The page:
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Business value can’t be measured by ROI analysis alone

Dec 01, 20034 mins
Data Center

* Return on investment isn’t always neatly quantifiable

While 85% of respondents in an Enterprise Management Associates survey earlier this year indicated that they rely on return on investment calculations to measure value from technology, 78% said they don’t trust ROI calculators provided by vendors.

This admittedly might be a dumb question, but why is this? Many probably suspect that vendors go out of their way to tweak or even misrepresent data, but this isn’t generally the case. Many vendor calculators aren’t dishonest so much as, to be blunt, ridiculous. Yet if the math is good, the data sound, the samplings justified – and often done so through outside analyst firms – how can this be?

One answer might be that ROI is itself an overly simplistic concept. But does that mean that other forms of measurement are better, such as net present value or total cost of ownership? No, in my opinion. While a mix of these and other approaches will naturally provide more shading, too many calculations – with too much of a pretension to detail – will not, in the end, bring much more enlightenment.

The issue with a lot of these approaches is that they don’t necessarily measure what counts – and understanding what really counts for a given organization is far from trivial.

In a way, ROI and business impact analyses have issues that are similar to what we found in early service-level agreements. SLAs often targeted nearly pointless technical metrics that were chosen primarily because they were easy to quantify. Having SLAs (as EMA has observed in customer environments) around “buffer miss ratio,” “CPU utilization” or “allocation failures,” is as ridiculous as many ROI calculations. A reduction in trouble tickets is clearly valuable, but understanding its true value in context with broader organizational and operational efficiencies – not to mention improved service – is a more complex dynamic.

I’d like to suggest that the first place to start with any business impact assessment is with the first word: business. What is the value of a technology investment in terms of real business goals? How and why is the IT organization and the business trying to evolve?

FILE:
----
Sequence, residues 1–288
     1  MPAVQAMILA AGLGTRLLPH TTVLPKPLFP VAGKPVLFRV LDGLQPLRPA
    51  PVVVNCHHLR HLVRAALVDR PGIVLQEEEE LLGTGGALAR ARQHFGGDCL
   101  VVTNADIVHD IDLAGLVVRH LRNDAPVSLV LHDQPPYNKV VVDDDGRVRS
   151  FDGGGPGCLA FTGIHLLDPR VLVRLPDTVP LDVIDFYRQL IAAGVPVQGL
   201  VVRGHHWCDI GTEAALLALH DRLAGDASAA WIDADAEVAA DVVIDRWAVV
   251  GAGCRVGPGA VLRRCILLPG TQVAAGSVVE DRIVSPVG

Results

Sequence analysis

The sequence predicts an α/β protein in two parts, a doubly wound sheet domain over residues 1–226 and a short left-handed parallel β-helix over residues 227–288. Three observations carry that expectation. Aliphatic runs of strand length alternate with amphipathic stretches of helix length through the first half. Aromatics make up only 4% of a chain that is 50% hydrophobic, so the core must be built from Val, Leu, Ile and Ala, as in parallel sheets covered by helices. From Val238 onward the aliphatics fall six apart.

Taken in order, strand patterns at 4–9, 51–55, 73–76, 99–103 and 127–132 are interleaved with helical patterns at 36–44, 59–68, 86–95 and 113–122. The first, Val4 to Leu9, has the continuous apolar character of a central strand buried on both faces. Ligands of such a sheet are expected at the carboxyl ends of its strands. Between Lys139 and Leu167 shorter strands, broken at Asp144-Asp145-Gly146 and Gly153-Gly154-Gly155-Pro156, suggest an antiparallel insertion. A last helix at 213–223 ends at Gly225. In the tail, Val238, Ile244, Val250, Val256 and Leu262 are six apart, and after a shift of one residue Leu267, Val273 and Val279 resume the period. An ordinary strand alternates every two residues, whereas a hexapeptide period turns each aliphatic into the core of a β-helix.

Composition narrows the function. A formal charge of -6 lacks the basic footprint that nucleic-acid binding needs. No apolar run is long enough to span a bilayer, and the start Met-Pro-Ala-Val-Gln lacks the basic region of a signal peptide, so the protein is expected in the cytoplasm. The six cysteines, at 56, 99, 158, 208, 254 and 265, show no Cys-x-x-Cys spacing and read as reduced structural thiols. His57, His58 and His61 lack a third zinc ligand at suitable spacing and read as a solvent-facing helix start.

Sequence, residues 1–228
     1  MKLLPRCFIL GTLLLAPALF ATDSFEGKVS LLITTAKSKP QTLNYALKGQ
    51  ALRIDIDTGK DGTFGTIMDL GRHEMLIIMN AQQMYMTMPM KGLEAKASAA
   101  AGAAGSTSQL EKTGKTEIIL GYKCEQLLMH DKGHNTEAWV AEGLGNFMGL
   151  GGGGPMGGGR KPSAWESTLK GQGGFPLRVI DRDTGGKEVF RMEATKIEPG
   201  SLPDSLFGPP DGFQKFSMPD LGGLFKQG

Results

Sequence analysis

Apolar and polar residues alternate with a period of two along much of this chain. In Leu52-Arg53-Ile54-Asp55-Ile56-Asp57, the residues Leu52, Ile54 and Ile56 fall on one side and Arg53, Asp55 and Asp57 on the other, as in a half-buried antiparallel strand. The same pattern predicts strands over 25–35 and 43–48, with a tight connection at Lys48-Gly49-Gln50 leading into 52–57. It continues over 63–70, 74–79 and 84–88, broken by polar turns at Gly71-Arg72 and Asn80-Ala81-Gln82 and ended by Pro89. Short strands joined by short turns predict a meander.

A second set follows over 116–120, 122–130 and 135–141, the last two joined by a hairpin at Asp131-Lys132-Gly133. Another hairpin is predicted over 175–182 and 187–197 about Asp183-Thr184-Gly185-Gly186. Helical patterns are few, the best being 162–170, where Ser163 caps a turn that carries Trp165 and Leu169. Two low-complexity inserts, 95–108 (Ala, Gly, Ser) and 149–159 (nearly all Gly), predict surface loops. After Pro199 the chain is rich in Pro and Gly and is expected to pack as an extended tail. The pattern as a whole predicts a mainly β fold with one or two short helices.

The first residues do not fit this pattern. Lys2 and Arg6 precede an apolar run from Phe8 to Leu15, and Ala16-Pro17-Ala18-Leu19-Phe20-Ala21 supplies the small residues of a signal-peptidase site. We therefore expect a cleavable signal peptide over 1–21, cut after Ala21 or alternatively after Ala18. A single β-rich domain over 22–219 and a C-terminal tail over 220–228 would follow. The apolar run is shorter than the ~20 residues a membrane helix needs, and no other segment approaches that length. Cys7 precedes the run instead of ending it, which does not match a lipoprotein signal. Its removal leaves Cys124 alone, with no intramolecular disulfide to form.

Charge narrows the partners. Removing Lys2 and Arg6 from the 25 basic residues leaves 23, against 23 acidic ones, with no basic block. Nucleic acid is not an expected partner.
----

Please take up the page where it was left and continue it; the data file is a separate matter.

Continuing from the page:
It may be that improved collaboration is the biggest requirement. And while many technologies may enable this, measuring “improved collaboration” per se is never going to be perfectly scientific. On the other hand, I would argue that to discard it would be to miss the point.

There are ways to integrate easily quantified value with more subjective – but possibly far more important metrics – through modeling. The result isn’t a ridiculous six-digit calculator, but a multi-dimensional view of business impact that allows the buyer to see and measure value – even if it’s not empirically perfect.

Timing – that is, getting the technology most needed at the right time to help an organization evolve – is an example of something that’s valuable yet generally non-quantifiable. Imagine an entrepreneur introducing an online shopping capability for office supplies and computers. The entrepreneur’s IT shop develops an application that allows a way to evaluate everything from furniture to computers – but it is a complex application that runs the risk of responding slowly and discouraging buyers. Superior management analytics for optimization and preventative diagnostics ultimately enable this entrepreneur to deliver this app with a competitive response time. The result is many millions in revenue and the first-phase success of a new business.

So what’s the ROI on the relevant management products? With timing, objectives and full business impact taken into account, it’s priceless.

What I’m advocating isn’t a single system for calculating value, but a dual approach. Model context and value without worrying about Excel first. Then apply the Excel metrics that are measurable and place them within that context. The result will be something of a hybrid that tries to reconcile two fundamentally irreconcilable worlds. However, it is in the tension between these two approaches that real insight into the value of an investment can be achieved.

What do you think? I welcome your examples and your thoughts.